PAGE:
On the 130th anniversary, I recreated part of the journey of the first person to cycle around the world on a bicycle. Taking it one day at a time. View the archive.

Bulgaria, Greece, and Turkey

By Stuart Lowe on

I packed up my tent and said goodbye to the people from the night before. As I left I was given some more warnings about the lady who runs the campsite near Edirne.

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Sunflowers

My "official" route was to go from Bulgaria to Turkey. However, I saw a sign pointing right that said "Greece 3km". How could I not pop in for a coffee? I really wanted to be able to add another country that I'd cycled to, so despite having no Euros and not knowing how long the border crossing would be, I took the detour. I crossed the Bulgarian check point with no problem. At the Greek check point I was sufficiently unusual that the border guard asked me to step to one side. He asked me why I was entering Greece. I felt a little silly but I told him it was because I'd seen the sign saying 3km and thought I'd visit. I told him I'd come from Liverpool and was heading to Istanbul. He asked me what was in my bags. I told him it was smelly clothes, tent and sleeping bag. Apparently satisfied with this he told me I could cycle a few km along to another border crossing that would go into Turkey. Although Stevens probably stayed on the northern side of this valley, the next place he mentioned was Edirne and I'd still be going there. I decided the minor detour was worth it to see another country.

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View of Bulgaria from Greece

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Greek church

In Greece my plan was to get a coffee in a little cafe. The banking system had other ideas. I stopped to get some Euros out at an ATM in a village. The first had clearly crashed in some way. The second seemed to be working and I went through the screens to get money. I waited. Nothing came out. What was wrong? At this point a nice Greek lady who was behind me in the queue told me, in excellent English, that the crisis meant that the cash machines weren't giving out money. Drat. So much for coffee. I rode onwards to the Turkish border on incredibly quiet roads - either this is how it usually is or the crisis meant people were saving fuel.

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Greek ATM

I passed through the Greek check-point, across no-man's land, and showed my e-VISA at the Turkish border. Back at the start I'd had to tell them the day I was arriving. Thankfully I'd made it on time. I was now in Turkey. The people changed. The roads got busier and of worse quality. I cycled around the south side of Edirne a little bit worried about road safety. I eventually found an ATM to get some Turkish lira and I think it charged me a big fee (on top of my bank) to take the money out. At least I have appropriate money now.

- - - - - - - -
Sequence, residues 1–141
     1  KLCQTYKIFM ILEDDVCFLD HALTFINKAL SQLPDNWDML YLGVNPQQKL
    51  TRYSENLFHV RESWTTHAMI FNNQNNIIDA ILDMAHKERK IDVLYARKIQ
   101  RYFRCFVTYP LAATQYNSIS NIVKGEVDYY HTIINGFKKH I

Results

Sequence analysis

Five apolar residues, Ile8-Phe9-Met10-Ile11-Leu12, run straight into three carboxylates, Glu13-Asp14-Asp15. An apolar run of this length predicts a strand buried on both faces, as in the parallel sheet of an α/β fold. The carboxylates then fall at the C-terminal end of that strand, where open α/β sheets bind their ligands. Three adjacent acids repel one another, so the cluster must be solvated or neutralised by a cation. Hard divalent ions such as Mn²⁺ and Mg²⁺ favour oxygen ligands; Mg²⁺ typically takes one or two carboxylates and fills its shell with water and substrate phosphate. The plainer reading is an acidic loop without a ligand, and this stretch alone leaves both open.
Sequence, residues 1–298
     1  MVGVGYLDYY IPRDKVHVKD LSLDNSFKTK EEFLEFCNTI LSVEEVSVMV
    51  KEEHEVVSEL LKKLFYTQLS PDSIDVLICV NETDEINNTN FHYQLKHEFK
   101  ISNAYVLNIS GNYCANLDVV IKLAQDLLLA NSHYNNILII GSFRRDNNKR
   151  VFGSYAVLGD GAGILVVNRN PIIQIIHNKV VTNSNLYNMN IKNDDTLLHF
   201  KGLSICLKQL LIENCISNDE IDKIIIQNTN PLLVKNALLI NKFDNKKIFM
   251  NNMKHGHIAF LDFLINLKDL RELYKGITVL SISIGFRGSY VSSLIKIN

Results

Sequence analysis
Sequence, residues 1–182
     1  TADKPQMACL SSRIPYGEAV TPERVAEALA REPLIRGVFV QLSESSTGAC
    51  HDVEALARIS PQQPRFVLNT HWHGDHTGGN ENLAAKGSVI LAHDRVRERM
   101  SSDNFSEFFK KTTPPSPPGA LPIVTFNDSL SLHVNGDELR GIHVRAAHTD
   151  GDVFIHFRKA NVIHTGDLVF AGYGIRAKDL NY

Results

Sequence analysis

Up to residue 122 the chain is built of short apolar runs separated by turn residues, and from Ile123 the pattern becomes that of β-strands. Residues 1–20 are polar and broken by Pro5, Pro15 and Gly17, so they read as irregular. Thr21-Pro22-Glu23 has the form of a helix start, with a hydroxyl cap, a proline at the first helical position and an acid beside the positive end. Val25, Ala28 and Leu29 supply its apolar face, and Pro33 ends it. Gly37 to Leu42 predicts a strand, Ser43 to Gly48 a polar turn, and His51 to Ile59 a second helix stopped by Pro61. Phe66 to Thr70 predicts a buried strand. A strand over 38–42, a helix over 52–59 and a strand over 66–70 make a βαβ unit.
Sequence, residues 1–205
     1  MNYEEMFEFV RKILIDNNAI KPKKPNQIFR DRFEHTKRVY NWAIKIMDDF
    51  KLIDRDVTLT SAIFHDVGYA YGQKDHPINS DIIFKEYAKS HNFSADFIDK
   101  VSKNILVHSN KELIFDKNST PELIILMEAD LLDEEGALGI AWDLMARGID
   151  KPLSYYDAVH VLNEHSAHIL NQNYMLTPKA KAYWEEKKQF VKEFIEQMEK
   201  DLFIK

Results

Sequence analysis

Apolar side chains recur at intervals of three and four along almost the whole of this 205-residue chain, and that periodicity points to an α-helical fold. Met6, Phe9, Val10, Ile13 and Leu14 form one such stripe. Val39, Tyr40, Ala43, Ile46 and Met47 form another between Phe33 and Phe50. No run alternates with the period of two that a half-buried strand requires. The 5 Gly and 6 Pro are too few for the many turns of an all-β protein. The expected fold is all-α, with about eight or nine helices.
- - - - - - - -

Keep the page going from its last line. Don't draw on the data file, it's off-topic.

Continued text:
Thanks to Tess, who I met in Serbia (having cycled from China), I already have a Turkish sim card so have some 3G and could get back online.

I found directions to the Grand Öm campsite which was a few kilometres east of Edirne along the D100 highway. I arrived to find a rather strict looking sign full of the rules of the site. The campsite owner was referred to as the "campingplatz führer" which wasn't promising even if this probably doesn't sound as bad if you are German. There was no reception. I spent a few minutes stood near the entrance not sure if I was allowed to go inside to find the owner or if that was against the rules. Eventually I plucked up the courage and found her sat around by the pool. I made sure I didn't cross the line into the pool area as the signs plastered nearby told me that would cost me €10. I asked if it was possible to camp. She said it was and told me the prices. Then she listed all the rules. Every trip to the pool area would cost €10. There were lots of things I couldn't do (although I wasn't bothered as I just wanted to eat and get some sleep). She pointed out the toilet block although that turned out to have no toilet paper in it and when I tried to have a shower only a tiny trickle of water emerged. A bit later after I'd eaten I saw the lady striding to an out-building where she banged on a bit of plumbing and told me that Turkish plumbing was terrible. I asked if there was something wrong with the showers and she said there was no water because she'd used it all to fill the swimming pool. The pool that had two local kids (or relatives) in it. I wasn't up for paying €10 to get clean on top of the pitch fees so I was going to bed smelly.

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Grand Öm campsite near Edirne

I'd been repeatedly warned that it was impossible to cycle into Istanbul without dying. Now I was in Turkey it was time to seriously think about it. Over my 3G internet (thanks Tess!) I found a website suggesting taking the D020 north-east from Edirne to the northern coast then following that into Istanbul. However, as I was following Stevens' 1885 route, I'd have to check off the town of Silivri on the southern coast. After a little more searching I found a website with advice for a route from Silivri into Istanbul although it wasn't hugely detailed, its advice boiled down to hugging the coast as much as possible to avoid the D100.

As always on my first day in a new country, I've had to work out what the drivers are like, what roads I can cycle on, how/where to get food and water, and where to find toilets.

I fell asleep before 8pm.